The United States Senate has passed a bill banning all imports from China’s Xinjiang region, marking an effort to stop the religious persecution of Muslim Uyghurs.
The U.S. has already banned imports of Xinjiang cotton and tomatoes.
If passed in the House of Representatives, the Uyghur Forced Labor Prevention Act would deem all goods manufactured in the region as made with forced labor unless proven otherwise.
The legislation would also require the US Department of Homeland Security to create a list of entities that are associated with the Chinese government’s efforts to repress Uyghurs and other ethnic minority groups.
It is estimated that at least a million people from the Xinjiang region have been detained or imprisoned since the Chinese government began its crackdown in 2017. Others that have not been detained are under extensive surveillance and state control, BBC reported.
“We will not turn a blind eye to [the Chinese government’s] ongoing crimes against humanity, and we will not allow corporations a free pass to profit from these horrific abuses,” Republican Senator Marco Rubio said in a statement.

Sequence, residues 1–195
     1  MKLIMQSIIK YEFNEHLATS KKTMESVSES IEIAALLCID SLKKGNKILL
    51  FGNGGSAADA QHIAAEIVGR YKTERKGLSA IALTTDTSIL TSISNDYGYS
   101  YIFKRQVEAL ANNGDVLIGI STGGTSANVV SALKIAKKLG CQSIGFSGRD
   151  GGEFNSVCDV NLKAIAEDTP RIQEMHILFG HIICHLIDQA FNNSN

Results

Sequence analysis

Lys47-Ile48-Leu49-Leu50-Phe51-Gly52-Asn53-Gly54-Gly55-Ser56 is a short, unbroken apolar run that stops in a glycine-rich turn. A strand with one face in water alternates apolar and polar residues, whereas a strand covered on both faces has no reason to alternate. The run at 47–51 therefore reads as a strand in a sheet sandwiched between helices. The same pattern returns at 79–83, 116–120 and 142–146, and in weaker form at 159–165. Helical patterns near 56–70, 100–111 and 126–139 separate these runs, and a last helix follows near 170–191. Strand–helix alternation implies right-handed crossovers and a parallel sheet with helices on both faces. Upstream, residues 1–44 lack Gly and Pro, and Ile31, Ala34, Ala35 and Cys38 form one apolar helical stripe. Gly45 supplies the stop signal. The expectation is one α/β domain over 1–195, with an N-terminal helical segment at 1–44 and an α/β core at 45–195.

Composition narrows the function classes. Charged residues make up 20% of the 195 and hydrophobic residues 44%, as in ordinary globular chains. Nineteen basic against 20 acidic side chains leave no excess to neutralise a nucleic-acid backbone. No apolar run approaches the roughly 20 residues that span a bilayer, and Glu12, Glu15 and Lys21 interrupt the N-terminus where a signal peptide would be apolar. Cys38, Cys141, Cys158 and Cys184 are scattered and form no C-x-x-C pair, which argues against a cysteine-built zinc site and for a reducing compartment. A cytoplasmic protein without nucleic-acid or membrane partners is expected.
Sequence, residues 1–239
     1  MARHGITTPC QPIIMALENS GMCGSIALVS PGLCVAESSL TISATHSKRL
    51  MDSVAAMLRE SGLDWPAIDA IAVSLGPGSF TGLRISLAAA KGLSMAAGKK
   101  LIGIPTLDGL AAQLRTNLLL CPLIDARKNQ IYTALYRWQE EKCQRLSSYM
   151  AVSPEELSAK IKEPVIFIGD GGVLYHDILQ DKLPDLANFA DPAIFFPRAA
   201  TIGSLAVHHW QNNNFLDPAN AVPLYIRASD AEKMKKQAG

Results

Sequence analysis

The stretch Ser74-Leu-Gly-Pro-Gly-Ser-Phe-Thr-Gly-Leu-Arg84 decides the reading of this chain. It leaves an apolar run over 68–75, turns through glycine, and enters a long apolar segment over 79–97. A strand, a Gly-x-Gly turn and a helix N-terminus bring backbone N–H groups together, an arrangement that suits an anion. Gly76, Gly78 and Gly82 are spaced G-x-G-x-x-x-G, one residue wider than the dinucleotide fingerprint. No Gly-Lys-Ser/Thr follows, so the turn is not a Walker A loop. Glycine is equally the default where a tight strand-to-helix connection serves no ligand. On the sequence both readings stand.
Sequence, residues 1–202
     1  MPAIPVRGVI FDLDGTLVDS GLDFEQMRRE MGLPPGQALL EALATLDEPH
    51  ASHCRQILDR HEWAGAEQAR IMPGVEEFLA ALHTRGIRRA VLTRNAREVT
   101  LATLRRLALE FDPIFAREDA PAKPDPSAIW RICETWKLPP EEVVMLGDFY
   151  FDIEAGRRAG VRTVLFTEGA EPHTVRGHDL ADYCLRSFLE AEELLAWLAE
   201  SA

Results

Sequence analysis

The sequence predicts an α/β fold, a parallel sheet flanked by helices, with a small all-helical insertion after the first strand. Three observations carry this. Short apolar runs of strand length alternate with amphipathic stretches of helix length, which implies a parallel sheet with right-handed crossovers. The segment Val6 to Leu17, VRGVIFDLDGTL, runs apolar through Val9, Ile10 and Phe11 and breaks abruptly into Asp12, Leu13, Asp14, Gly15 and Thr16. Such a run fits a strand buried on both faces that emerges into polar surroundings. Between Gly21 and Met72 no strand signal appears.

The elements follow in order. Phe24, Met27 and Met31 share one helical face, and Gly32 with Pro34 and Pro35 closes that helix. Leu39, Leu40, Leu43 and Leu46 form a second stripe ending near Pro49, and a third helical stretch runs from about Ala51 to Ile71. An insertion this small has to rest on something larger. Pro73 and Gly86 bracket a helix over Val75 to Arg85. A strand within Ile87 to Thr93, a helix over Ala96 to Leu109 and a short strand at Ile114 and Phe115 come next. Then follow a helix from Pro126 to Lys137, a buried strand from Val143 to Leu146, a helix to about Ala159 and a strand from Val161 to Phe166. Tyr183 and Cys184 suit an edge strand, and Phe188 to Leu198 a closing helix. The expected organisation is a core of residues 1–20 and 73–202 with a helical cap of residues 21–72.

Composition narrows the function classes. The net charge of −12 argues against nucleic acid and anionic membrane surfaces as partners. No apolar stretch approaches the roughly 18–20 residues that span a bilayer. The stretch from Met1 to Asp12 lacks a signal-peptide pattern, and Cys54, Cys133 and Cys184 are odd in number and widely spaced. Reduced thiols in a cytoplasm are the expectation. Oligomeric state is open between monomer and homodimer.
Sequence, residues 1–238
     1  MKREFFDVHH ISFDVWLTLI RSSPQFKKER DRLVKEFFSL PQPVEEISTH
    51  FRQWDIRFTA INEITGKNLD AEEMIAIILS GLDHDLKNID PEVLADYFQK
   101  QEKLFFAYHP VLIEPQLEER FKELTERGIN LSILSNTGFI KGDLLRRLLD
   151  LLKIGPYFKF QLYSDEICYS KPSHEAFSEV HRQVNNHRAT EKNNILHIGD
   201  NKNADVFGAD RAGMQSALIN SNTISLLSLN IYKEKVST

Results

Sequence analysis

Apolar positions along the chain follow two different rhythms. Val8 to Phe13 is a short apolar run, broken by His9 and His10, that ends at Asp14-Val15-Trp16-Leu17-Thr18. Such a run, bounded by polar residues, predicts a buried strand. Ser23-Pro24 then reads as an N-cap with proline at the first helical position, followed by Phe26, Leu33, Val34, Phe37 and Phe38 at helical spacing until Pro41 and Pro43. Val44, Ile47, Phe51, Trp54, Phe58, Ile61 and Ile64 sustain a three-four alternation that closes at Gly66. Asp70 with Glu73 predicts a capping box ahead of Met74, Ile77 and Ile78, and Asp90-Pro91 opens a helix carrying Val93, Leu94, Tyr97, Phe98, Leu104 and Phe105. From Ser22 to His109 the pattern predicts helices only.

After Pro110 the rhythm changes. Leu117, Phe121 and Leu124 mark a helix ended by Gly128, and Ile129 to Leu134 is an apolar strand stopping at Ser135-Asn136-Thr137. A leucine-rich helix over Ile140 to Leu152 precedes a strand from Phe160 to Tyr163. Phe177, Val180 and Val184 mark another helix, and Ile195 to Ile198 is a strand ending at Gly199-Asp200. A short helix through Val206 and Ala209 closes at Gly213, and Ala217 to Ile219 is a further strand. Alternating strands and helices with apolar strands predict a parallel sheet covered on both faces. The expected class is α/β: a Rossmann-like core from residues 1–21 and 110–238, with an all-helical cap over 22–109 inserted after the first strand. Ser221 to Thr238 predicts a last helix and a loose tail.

The bill, if passed, will have a sweeping impact on the supply chain of businesses across various industries, ranging from fashion to solar. It will also formally back efforts of companies such as Nike and Puma that have sought to boycott Xinjiang cotton but have faced backlash from Chinese consumers.
In March this year, H&M was booted from Chinese eCommerce sites such as Taobao, which is run by Alibaba, as well as JD.com. H&M was also pulled from Alibaba’s map app, Amap, and Baidu Maps over its statement criticizing China’s policy on Uyghurs. The company later pulled the statement from its website.